The latest scoop

KT Instagram followers would like mid-block crossings, but is it feasible?

By Rebecca Atkinson – 

Residents are interested in seeing mid-block pedestrian crossings, but they won’t be coming to Kitchissippi anytime soon. A poll conducted on the Kitchissippi Times Instagram account found that 84 per cent of respondents would like to see mid-block pedestrian crossings in Westboro. 

The amount of jaywalking in neighbourhoods would perhaps be minimized – and road safety increased – with the installation of mid-block pedestrian crossings. What do you think? Share your feedback in the comments section below.

And although the interest is there, Coun. Jeff Leiper says the city is limited to the amount of improvements it can make in a year – and the mid-block crossings are simply not a top priority.

Mid-block pedestrian crossings are as they sound – locales marked halfway between two intersections where pedestrians may safely cross in areas where blocks are especially long. The amount of jaywalking in neighbourhoods would perhaps be minimized – and road safety increased – with the installation of such crossings.

Leiper is aware of two locations that could benefit from mid-block crossings: on Wellington Street West between Parkdale and Rosemount, and on Richmond Road between Churchill and Roosevelt. Park yourself in front of the MEC and you’re bound to see dozens of people jaywalk across Richmond Road.

“It’s not ideal having really long blocks where people are clearly expressing a desire to cross the street,” says Leiper.

While jaywalking isn’t a crime many are charged with, there is a $40 fine for pedestrians failing to use a crosswalk. According to Ottawa Police Services, it is possible to be charged if spotted by police. Leiper is aware that jaywalking happens frequently in Kitchissippi, but it isn’t something that often comes up in his office.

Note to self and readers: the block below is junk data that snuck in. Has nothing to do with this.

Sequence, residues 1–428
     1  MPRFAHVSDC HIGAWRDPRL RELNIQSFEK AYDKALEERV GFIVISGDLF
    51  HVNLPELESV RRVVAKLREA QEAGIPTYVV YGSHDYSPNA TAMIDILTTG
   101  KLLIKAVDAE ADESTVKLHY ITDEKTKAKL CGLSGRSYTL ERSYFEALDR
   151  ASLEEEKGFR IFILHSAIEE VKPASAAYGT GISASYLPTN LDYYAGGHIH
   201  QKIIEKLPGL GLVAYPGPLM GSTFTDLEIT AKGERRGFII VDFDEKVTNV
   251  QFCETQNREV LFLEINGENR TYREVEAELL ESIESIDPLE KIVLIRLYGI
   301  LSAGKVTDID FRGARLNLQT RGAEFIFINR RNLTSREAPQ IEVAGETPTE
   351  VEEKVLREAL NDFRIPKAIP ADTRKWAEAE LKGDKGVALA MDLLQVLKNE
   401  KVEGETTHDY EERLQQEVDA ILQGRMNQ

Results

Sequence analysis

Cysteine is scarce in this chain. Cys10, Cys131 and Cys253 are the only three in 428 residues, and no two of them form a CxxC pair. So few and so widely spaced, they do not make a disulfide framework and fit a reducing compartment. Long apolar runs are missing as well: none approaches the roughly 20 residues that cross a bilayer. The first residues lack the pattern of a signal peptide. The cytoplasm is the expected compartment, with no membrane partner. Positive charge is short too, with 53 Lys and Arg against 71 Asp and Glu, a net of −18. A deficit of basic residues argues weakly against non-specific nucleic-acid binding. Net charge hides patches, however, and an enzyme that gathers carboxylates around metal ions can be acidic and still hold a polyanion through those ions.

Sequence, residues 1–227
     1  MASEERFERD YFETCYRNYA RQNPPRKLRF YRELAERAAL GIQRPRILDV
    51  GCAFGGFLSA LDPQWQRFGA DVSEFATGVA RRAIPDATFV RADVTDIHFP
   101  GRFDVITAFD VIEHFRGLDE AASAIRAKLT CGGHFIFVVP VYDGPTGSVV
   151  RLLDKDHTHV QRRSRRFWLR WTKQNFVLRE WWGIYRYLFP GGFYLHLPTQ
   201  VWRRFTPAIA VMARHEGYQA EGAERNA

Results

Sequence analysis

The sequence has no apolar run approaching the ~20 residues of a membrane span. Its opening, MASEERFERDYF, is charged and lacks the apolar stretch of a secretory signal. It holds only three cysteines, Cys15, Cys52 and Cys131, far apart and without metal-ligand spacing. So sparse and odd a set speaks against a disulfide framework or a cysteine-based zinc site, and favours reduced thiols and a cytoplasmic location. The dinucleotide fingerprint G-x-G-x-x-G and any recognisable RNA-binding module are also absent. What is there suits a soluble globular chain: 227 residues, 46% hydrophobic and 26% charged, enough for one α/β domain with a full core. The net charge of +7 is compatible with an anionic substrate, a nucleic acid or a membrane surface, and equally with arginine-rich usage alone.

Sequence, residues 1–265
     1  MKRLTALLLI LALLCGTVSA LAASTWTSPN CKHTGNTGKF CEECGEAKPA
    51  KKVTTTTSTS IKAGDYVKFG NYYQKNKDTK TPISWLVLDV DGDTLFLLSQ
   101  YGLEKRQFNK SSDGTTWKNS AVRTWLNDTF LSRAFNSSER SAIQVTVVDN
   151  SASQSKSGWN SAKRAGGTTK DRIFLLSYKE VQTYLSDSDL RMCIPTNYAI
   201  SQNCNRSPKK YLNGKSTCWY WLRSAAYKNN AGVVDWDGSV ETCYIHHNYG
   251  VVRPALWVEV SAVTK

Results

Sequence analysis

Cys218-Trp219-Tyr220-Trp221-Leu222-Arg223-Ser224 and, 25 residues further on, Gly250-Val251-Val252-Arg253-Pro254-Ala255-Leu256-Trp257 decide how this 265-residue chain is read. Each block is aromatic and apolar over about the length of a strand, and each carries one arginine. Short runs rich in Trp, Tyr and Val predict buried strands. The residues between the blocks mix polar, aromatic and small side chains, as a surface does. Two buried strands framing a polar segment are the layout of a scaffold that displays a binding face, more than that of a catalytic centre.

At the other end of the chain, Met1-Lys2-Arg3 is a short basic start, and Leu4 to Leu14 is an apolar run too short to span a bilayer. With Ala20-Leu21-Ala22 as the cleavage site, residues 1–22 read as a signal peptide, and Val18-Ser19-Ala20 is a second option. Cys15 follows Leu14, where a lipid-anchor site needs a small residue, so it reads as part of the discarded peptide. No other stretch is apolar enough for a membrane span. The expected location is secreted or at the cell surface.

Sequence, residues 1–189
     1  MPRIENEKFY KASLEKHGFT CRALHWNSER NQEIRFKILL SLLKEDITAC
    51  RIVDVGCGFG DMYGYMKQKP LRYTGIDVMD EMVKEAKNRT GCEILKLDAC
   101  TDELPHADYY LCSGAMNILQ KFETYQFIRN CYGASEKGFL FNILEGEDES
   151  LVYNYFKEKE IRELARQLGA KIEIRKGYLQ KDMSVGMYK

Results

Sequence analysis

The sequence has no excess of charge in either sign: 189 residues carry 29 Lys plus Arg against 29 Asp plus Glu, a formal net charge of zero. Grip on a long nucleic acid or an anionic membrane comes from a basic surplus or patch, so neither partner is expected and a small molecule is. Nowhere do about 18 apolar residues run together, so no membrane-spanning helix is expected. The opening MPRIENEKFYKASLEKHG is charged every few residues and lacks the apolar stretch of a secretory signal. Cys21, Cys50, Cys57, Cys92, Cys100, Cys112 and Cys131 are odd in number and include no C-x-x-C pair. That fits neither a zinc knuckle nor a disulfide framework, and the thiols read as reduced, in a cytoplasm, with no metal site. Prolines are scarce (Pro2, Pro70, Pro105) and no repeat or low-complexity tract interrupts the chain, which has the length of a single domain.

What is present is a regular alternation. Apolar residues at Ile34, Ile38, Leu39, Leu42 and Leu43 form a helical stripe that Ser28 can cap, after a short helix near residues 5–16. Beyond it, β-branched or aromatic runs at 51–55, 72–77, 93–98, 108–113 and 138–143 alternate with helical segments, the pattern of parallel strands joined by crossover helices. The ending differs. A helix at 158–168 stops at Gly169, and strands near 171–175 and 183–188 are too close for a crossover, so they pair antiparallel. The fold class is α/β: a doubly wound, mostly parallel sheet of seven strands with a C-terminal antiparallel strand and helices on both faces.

“While jaywalking isn’t something that we’ve identified as a problem,” says Leiper. “I think people still do it and they do it ‘safely.’”

Mid-block crossings are more of a “nice-to-have,” says Leiper. From a practical standpoint, they’re definitely possible, but he isn’t holding out hope that it’ll happen anytime soon since there are other projects considered higher priority for the city and its budget. 

And besides, talk to any city councillor, and they’d be able to name a list of locations that could benefit from mid-block crossings in their ward. Kitchissippi is not the exception to the rule, and has no valid reasons to be treated differently than other wards.

According to the City of Ottawa website, there are several types of pedestrian crossovers. Type one crossovers were used in Ottawa in the early 1960s, but were questioned as potentially unsafe in the 1970s. In the mid-1980s, city council decided mid-block traffic control signals would be used in place of pedestrian crossovers, no longer implementing the crossovers. But in 2015 the City passed Bill 31, which introduced new crossovers – type two – to Ottawa. The City of Ottawa created a plan in 2016 to install 60 pedestrian crossovers each year for three years as part of a pilot program. 

Do you have a question you’d like us to ask our followers? Let us know and you may see it in the next issue of KT.

 

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